A novel porous material that has unique carbon dioxide retention
properties has been developed through research led by The University of
The findings, published in Nature Materials, form part of ongoing efforts to develop new
materials for gas storage applications could have an impact in the advancement
of new carbon capture products for reducing emissions from fossil fuel
It focuses on the metal organic framework NOTT-202a, which
has a unique honeycomb-like structural arrangement and can be considered to
represent an entirely new class of porous material.
Most importantly, the material structure allows selective
adsorption of carbon dioxide—while other gases such as nitrogen, methane, and
hydrogen can pass back through, the carbon dioxide remains trapped in the
materials nanopores, even at low temperatures.
Lead researcher Professor Martin Schröder, in the University’s School of Chemistry, said: “The unique defect
structure that this new material shows can be correlated directly to its gas
adsorption properties. Detailed analyses via structure determination and
computational modeling have been critical in determining and rationalizing the
structure and function of this material.”
The research team—which is included Sihai Yang, PhD,
Professor Alexander Blake, Professor Neil Champness, and Elena Bichoutskaia,
PhD, at Nottingham—collaborated on the project with colleagues at the University of Newcastle and Diamond Light Source and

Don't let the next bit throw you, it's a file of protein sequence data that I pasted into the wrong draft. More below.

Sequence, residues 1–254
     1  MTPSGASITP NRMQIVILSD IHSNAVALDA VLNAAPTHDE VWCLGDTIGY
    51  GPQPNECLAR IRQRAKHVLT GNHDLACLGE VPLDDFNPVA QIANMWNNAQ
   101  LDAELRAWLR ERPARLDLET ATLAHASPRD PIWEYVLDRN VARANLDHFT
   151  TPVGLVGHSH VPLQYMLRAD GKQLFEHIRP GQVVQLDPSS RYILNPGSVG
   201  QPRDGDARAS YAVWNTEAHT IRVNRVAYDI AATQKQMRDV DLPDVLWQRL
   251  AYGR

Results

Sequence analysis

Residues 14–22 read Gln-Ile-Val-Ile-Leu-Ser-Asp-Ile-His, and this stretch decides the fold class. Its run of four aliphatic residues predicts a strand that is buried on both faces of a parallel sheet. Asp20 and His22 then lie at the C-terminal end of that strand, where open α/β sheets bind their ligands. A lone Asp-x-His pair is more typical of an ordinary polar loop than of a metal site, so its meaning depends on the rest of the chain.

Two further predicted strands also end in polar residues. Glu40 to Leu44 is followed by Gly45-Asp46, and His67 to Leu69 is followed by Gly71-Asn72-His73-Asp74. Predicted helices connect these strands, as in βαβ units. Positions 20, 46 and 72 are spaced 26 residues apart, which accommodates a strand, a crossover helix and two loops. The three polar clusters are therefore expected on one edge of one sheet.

STFC Daresbury Laboratory.
NOTT-202a consists of a tetra-carboxylate ligands—a
honeycomb-like structure made of a series of molecules or ions bound to a
central metal atom—and filled with indium metal centers. This forms a novel
structure consisting of two interlocked frameworks.
X-ray powder diffraction measurements at Diamond Light Source and advanced
computer modeling were used to probe and gain insight into the unique carbon
dioxide capturing properties of the material.
The study has been funded by the ERC Advanced Grant
COORDSPACE and by an EPSRC Programme Grant ChemEnSus aimed at applying
coordination chemistry to the generation of new multi-functional porous
materials that could provide innovative solutions for key issues around
environmental and chemical sustainability.
These projects incorporate multidisciplinary collaborations
across chemistry, physics, and materials science, and aim to develop new
materials that could have application in gas storage, sieving and purification,
carbon capture, chemical reactivity, and sensing.
Source: The University of Nottingham